regulated using the injection coolers. These devices are basically small chambers
with a jet where the cooling water is injected to lower the overall steam temperature.
The injection-cooler model we propose follows the idea of [5]. We neglect the pressure
drop in the cooler element so that model reects only dynamics of output-temperature
change. Mass balance in the cooler implies (in the following, all the mass uxes are
specied in kg s
1
, rather than kg s
1
m
2
). V is an internal volume of the cooler, q
in
q
out
, and q
w
are the input, output and cooling water uxes. Quantities

H
in
,

H
w
and

H are enthalpy of the steam at the inlet, enthalpy of the cooling water and enthalpy
of the steam in the cooler.
V
d
dt
= q
in
+ q
w
q
out
(5.1)
176 J, MAKOVI

CKA, V. HAVLENA, M. BENE

S
and from the energy balance, we have
V
d
dt
(

H) = q
in

H
in
+ q
w

H
w
q
out

H. (5.2)
Multiplying (5.1) by

H and subtracting it from (5.2), we obtain
V
d

H
dt
= q
in

H
in
+ q
w

H
w
(q
in
+ q
w
)

H. (5.3)
For the steady state, enthalpy of the mixture is

H =
q
in

H
in
+ q
w

H
w
q
in
+ q
w
. (5.4)
Using the state equations = (p, T) and

H =

H(p, T), we can rewrite (5.1) and
(5.3) to the following form:
V
_

p


H
p


H
T
_
_
p
t
T
t
_
=
_
q
in
+ q
w
q
out
q
in

H
in
+ q
w

H
w
(q
in
+ q
w
)

H
_
. (5.5)
As the hydraulic resistance of the cooler can be omitted we may assume that p = p
in
.
When we also neglect the terms containing
dp
dt
, the system (5.5) can be rewritten to
the form
_
V

T
1
V


H
T

H

H
in
_
_
dT
dt
q
in
_
=
_
q
w
q
out
q
w
(

H
w


H)
_
. (5.6)
From the rst row we get
q
in
= q
out
q
w
+ V

T
dT
dt
. (5.7)
Substitution of (5.7) into the second equation of (5.6) gives
V
_
(

H

H
in
)

T
+


H
T
_
dT
dt
= (

H
w


H
in
)q
w
(

H

H
in
)q
out
. (5.8)
In many cases we can neglect the cooler dynamics at all and use a static model.
Linearized expression for the specic enthalpy is

H

H
in
=

H(p
in
, T)

H(p
in
, T
in
) =


H
T
(T T
in
). (5.9)
With
dT
dt
= 0, (5.8) then simplies to
T = T
in

H
in


H
w


H
T
q
w
q
out
(5.10)
and the mass outow is
q
out
= q
in
+ q
w
. (5.11)
MATHEMATICAL MODELLING OF STEAM AND GAS FLOW 177
0 10 20 30 40 50 60
300
350
400
450
500
550
600
650
700
Fig. 6.1. Stationary temperature proles. x-axis: x-coordinate in meters, y-axis: temperature
in

C.
6. Stationary ow in heat exchangers. When we impose additional simpli-
fying assumptions, it is possible to treat the problem of nding the stationary state
by solving a system of ordinary dierential equations. Using [4], we are able to nd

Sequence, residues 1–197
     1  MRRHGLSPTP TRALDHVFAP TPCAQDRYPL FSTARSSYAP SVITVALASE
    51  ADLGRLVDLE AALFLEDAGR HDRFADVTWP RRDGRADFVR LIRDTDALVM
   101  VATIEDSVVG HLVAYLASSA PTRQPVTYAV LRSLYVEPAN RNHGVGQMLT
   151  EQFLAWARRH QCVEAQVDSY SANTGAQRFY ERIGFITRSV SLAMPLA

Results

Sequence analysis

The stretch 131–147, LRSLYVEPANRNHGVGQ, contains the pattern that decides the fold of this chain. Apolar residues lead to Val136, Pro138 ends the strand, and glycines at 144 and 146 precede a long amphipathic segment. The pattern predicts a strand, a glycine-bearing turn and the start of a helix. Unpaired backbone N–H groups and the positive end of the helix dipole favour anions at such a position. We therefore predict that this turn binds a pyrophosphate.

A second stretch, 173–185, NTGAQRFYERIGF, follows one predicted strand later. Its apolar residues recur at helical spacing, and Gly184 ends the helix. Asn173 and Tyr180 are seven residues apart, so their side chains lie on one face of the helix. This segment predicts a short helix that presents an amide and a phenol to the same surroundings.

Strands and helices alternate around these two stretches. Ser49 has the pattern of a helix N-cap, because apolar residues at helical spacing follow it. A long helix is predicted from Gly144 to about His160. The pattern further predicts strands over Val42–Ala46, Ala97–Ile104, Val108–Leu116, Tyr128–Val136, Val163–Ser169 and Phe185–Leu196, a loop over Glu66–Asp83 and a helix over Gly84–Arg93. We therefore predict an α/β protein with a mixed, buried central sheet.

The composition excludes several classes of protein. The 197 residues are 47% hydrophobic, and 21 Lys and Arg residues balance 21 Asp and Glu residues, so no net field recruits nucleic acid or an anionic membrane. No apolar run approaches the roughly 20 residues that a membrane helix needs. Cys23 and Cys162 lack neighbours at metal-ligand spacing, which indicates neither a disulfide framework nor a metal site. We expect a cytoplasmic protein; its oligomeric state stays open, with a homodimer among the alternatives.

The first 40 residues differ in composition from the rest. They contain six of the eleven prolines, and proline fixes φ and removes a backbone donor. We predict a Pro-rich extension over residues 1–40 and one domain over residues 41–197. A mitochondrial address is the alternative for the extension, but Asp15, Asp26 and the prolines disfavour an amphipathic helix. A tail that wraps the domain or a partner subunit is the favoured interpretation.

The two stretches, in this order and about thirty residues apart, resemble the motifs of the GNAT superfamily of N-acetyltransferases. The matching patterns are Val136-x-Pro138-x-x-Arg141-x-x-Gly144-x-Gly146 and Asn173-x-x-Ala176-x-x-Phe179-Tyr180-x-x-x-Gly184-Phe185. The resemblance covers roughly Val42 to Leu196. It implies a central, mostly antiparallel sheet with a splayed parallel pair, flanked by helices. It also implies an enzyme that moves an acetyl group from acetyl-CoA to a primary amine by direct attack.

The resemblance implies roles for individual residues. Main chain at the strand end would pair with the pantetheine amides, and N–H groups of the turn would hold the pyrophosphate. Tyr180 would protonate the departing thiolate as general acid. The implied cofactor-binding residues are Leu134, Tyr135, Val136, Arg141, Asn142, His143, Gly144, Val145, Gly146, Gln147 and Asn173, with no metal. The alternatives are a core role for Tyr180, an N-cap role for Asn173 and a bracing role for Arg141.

temperature proles in parallel heat exchangers, and compare the theoretical proles
with the results obtained by our numerical simulation.
Let us denote mass uxes in the pipes a and b by q
a
and q
b
. We assume that the
velocity and all thermodynamical quantities except temperature T are constant. We
look for a stationary solution to the transport equations
S
a

a
c
a
_
T
a
t
+ v
a
T
a
x
_
= Q
a
, (6.1)
S
b

b
c
b
_
T
b
t
+ v
b
T
b
x
_
= Q
b
, (6.2)
where we do not consider any heat capacity of the wall. Consequently a direct Newton-
type heat exchange occurs between the two media:
Q
a
= k(T
b
T
a
), Q
b
= k(T
a
T
b
). (6.3)
The constant k denotes the linear heat transfer coecient, e.g k = o, where is the
heat transfer coecient and o denotes eective perimeter of the pipe. The equations
(6.1), (6.2) can be solved analytically. The solution is
T
a
(x) =
T
a1
T
a2
1 e
CL
_
e
Cx
1
_
+ T
a1
, (6.4)
T
b
(x) =
T
b1
T
b2
1 e
CL
_
e
Cx
1
_
+ T
b1
(6.5)
178 J, MAKOVI

CKA, V. HAVLENA, M. BENE

S
with
C = k
_
1
c
a
q
a
+
1
c
b
q
b
_
, (6.6)
for x [0, L] and T
a1
and T
b1
are the temperatures of the media at the inlets.
In the Figure 6.1 we present the typical temperature proles for a model of a
convection superheater, which was however slightly modied to allow comparison
with the simplied equations above. The heat transfer coecient is constant and is
the same for both steam and ue gas and the lengths of the steam and gas pipes
are identical. The crosses represent the discrete values of temperature obtained by a
numerical simulation and the full lines represent the temperatures of the steam and
ue gas obtained by the theoretical solution. To make the exponentials (6.4) t in this
case, the constant k has to be chosen about two times lower than the heat transfer
coecient in the numerical simulation would suggest. This can be attributed to the
eect of the wall, which retains the temperature approximately in the middle.
7. Conclusion. The current version of the heat exchanger model has been tested
and the full system of equations without a direct link between inputs and outputs be-
haves well even in the setup with more heat exchangers with injection coolers between
them. For the future, we plan connecting this model with a model of phase changes
in the evaporator and eventually with a combustion simulation.